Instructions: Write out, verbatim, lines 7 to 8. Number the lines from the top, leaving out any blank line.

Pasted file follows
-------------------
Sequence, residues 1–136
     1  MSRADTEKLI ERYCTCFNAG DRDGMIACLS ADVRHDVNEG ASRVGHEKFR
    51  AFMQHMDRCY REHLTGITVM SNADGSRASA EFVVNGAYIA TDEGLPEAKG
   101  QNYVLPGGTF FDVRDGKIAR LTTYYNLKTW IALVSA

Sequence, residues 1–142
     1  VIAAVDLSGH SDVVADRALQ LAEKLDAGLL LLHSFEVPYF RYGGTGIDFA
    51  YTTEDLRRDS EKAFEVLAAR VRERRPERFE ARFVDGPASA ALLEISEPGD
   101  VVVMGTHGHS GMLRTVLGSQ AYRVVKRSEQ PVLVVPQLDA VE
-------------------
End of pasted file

    51  YTTEDLRRDS EKAFEVLAAR VRERRPERFE ARFVDGPASA ALLEISEPGD
   101  VVVMGTHGHS GMLRTVLGSQ AYRVVKRSEQ PVLVVPQLDA VE